Posturing While Driving

GreenLightBack in Costa Rica, what seems like eons ago already though it’s only been a month, I had a helpful little encounter. Julie Angel, MovNat assistant instructor, saw me standing all out of whack and reminded me of the importance of posture. It was the afternoon several days into the retreat at this point, and I was tired, not just from all the activity, but from all the posturing. Just holding ourselves in good alignment is a bit of a workout!

But what stuck with me about her adjustment was how she gently pushed my chin back so that it wasn’t jutting out. This allows the full weight of the head to be over the vertebrae which should be over the hips which should be over the knees which should be over the feet…well, you get the idea, because alignment.

I immediately responded to Julie that I’m like that when I drive, as though sticking my neck out helps me see better or something. Bizarre. But as visual creatures, I think this is a natural thing we do. Unfortunately, natural doesn’t necessarily mean optimal.

So ever since I’ve been home, I’ve endeavored to change this tendency of mine. Maybe you could benefit from this exercise too, so I thought I’d share it here.

Your driver’s seat should be pretty straight, about one degree of lean away from upright. Sit up nice and tall. This isn’t just your neck or upper back, you should feel your entire spine stretching out of your hips. You’ll simultaneously feel your hips pressing down while your spine pulls up. Tuck your bellybutton toward your spine to protect your lower back with a more neutral spine. Your shoulders should be slightly back, allowing your chest to broaden. Now, as though someone has their finger on your chin and is pushing, shift your chin straight back, it should also be tucked slightly down. Your head shouldn’t be against the headrest behind you, but you should sense it there.

Not great driving posture.

Not great driving posture.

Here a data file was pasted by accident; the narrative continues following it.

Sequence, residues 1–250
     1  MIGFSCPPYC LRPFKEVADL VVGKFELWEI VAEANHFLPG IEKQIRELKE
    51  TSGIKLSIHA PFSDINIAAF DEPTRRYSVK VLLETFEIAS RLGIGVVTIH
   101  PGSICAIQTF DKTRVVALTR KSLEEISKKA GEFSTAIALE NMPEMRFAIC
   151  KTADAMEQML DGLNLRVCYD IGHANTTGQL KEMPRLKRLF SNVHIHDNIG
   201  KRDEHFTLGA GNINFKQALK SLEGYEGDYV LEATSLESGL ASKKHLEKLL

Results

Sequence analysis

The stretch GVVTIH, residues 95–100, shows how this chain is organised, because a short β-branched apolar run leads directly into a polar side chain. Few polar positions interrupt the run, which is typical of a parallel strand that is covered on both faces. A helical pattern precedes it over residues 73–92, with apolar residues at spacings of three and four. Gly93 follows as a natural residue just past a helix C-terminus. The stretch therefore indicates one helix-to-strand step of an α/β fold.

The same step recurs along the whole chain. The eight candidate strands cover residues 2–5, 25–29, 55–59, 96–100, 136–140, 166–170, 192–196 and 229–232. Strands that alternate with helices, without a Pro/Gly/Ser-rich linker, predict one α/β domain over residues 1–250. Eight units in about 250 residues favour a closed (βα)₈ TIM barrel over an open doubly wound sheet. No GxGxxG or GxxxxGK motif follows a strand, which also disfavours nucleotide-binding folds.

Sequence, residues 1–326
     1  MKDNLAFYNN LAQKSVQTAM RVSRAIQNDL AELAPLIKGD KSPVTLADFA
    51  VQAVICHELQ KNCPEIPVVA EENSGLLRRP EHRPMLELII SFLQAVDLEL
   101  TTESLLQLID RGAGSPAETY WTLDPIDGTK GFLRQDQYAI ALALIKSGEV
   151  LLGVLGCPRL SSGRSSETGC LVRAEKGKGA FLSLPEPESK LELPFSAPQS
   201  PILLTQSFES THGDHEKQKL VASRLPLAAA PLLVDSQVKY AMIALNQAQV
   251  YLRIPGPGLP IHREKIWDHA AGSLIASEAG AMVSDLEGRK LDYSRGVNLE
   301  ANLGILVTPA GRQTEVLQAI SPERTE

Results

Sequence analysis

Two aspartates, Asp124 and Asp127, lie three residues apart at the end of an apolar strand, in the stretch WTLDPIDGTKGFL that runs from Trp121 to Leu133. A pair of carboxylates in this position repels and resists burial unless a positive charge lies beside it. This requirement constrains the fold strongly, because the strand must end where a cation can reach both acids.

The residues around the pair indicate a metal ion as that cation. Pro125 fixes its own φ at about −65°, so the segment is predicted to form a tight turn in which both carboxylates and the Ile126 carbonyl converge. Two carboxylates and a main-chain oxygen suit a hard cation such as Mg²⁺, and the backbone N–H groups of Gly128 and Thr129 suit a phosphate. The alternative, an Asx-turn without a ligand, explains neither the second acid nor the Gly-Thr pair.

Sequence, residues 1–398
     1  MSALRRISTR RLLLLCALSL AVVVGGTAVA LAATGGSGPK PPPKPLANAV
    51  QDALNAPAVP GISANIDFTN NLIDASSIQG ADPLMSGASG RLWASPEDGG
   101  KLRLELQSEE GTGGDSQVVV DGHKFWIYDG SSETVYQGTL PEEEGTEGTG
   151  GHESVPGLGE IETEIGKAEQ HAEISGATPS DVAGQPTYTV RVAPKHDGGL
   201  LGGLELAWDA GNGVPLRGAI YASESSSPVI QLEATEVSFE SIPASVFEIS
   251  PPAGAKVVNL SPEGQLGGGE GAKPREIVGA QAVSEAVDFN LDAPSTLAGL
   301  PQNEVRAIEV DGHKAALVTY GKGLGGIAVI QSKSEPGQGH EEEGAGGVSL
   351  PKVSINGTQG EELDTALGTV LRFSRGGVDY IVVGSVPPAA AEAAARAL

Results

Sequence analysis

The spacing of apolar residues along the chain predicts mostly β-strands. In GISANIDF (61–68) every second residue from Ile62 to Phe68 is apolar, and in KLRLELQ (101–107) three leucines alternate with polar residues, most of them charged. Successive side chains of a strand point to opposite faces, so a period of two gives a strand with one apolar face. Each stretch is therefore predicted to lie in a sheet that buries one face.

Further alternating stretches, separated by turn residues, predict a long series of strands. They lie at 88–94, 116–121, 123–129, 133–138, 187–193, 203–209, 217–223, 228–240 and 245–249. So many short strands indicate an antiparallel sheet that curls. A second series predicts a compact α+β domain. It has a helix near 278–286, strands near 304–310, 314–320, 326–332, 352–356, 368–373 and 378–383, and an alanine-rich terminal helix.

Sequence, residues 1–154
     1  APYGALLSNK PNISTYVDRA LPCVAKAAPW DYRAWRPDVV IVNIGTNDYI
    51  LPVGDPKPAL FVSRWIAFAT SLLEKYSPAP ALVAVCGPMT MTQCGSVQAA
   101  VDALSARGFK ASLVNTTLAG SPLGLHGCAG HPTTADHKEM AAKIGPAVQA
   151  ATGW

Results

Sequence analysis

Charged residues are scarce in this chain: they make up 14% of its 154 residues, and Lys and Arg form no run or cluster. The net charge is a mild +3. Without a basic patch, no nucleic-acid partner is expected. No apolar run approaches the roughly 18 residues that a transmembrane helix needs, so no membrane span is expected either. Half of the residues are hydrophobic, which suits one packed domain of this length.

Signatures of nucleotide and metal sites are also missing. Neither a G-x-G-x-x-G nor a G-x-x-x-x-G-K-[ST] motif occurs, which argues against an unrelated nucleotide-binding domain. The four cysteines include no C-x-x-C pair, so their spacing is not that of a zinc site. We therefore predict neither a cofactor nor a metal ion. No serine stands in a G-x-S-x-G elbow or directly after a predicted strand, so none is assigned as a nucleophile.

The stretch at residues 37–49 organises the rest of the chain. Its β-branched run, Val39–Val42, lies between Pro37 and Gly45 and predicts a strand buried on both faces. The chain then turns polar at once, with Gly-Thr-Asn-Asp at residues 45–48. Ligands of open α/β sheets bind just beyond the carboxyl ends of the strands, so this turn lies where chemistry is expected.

So now that we’re all engaged and tight here in our posture, let’s relax around it. Relax anything not necessary for holding this position.

Let’s add in some breathing. Focus on sending your breath to your belly. It should expand and contract with your breath. Do this a few times before turning your key each time you get in the car and I can almost guarantee you’ll have fewer road rage incidents.

Now adjust your mirrors for this position. Ha! Now you’re stuck. Anytime you deviate from this posture, you’ll know it because your mirrors won’t line up properly unless you resume your posture. It’ll keep you honest.

Now that we’re not jutting our chins out, what do you notice? Correct answer: more peripheral vision. This is good news. In the old world when we hunted, gathered, and worried more about our safety, our peripheral vision was important. But in our hyper-tech modern worlds, we rarely use our peripheral vision and we’re losing it as a result. As we age, we can lose one to three degrees of vision over there in the margins.

But why is peripheral vision important for driving? Don’t we need to look straight ahead? Well, yes. But I argue that a relaxed and aware driver is a safer driver. You can be more defensive if you’re taking in more information. Besides, some of the most dangerous accidents are T-bones, cars hitting from the sides directly into the passenger cabin.

Notice the next time you find yourself stressing out in traffic. Chances are you’re staring straight ahead, tunnel visioned, all tensed up, and jutting your chin forward. You can re-route those stress signals by maintaining this posture, keeping your breathing full, and using your peripheral vision.

And while you’re at it, add this exercise in-between singing along to Gotye for the 11,427th time. Don’t deny it…


3 Responses to “Posturing While Driving”

  1. This was better than watching 20/20! Nice advice :)

  2. Great tips. Although I don’t have to drive often, and very infrequently for long periods of time, I do take care to mind my posture. I also apply this stuff while crammed into an airline seat.

    Two quick things. While driving my mothers car on a road trip a couple of years back, a Toyota corolla I believe, I ended up taking out the headrest completely because it jutted out so far forward that, when sitting up straight, my neck was pushed downward. That seat was totally made to ‘slouch into’. I have no idea how common this type of seat is in cars, but it was annoying. Actually, after I realized that safety wise I really should have the headrest, I put it in backwards and that did the trick.

    Secondly, I adjust my left side mirror to view the blind spot. I learned that one a long time ago and am baffled as to why it is not standard practice. It makes for much safer viewing, and therefore driving … especially for people who have a hard time looking over their shoulder.


  1. Posturing While Driving | Paleo Digest - 05/08/2013

    […] Paleo Periodical / Posted on: May 08, 2013The Paleo Periodical – Back in Costa Rica, what seems like eons ago already though it’s only been a month, I […]

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